Conservative host returns to the air after week suspension for using racial slur- Houston radio talk show host (and somtime Rush Limbaugh substitute) Mark Belling referred to Mexican-Americans as "wetbacks" on his show. He was suspended for a couple of weeks, and then submitted a written apology for the racial slur to a local newspaper. But he seems to be using the slur and its surrounding controversy to boost his conservative cred with his listeners.

Stay Tuned for Nudes- Cleveland TV news anchor Sharon Reed aired a story about artist Spencer Tunick, who uses large numbers of naked volunteers in his installations and photographs. The news report will be unique in that it will not blur or black-out the usual naughty bits. The story will air late at night, when it's allegedly okay with the FCC if you broadcast "indecent" material. The author of this article doesn't seem to notice that Reed first claims that this report is a publicity stunt, but then claims it's a protest against FCC repression. I'd like to think it's the latter, but I'm not that much of a sucker.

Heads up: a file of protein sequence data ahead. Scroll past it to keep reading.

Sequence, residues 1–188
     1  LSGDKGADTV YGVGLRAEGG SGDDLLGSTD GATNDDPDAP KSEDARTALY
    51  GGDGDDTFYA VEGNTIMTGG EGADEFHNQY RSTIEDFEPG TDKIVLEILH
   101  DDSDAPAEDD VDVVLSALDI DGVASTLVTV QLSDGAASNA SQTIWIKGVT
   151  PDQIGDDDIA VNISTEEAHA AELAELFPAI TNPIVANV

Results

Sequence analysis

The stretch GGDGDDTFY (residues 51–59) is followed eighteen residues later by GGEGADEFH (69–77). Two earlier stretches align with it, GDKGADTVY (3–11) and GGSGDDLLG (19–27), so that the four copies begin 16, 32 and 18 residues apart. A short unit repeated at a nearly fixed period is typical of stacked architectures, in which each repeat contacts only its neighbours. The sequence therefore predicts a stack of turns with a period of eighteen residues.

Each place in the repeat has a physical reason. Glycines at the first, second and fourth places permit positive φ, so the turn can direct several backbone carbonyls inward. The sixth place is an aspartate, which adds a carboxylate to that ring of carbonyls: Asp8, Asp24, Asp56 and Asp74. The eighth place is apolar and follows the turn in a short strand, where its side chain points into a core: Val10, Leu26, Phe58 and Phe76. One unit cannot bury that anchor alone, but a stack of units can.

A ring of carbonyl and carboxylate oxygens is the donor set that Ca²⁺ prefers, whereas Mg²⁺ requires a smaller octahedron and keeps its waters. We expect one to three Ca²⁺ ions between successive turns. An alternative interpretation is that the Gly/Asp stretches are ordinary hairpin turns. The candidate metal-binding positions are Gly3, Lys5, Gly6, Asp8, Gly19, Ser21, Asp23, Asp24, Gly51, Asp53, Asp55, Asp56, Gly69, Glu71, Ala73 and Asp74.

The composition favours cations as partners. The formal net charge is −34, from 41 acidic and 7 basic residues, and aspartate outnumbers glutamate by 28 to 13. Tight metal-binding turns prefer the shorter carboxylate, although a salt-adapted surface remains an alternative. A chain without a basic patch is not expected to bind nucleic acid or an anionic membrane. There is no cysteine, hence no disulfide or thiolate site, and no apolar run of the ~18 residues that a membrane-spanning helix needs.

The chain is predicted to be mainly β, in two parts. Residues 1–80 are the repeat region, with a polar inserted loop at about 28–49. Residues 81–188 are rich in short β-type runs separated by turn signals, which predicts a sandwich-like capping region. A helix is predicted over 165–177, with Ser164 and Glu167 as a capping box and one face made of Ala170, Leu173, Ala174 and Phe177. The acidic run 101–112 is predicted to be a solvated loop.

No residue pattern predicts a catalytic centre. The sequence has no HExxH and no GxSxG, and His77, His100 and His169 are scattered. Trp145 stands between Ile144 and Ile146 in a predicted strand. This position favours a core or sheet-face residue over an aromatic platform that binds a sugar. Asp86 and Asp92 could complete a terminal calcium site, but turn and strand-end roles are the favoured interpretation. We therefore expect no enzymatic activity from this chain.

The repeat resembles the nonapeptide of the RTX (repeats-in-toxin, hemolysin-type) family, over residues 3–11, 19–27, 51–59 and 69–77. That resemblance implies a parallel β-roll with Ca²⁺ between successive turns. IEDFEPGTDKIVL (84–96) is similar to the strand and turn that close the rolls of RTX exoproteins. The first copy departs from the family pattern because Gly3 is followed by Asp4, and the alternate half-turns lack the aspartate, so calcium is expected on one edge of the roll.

Posted by Jake at 04:02 PM | Comments (1) | TrackBack (0)
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Mission: Mongolia

Jake's first attempt at homemade Mongolican barbecue:


What went right: correctly guessing several key seasonings- lemon, ginger, soy, garlic, chili.

What went wrong: still missing some ingredients, and possibly had one wrong, rice vinegar. Way too much lemon and chili.

Result: not entirely edible.

Plan for future: try to get people at Great Khan's restaurant to tell me what's in the damn sauce.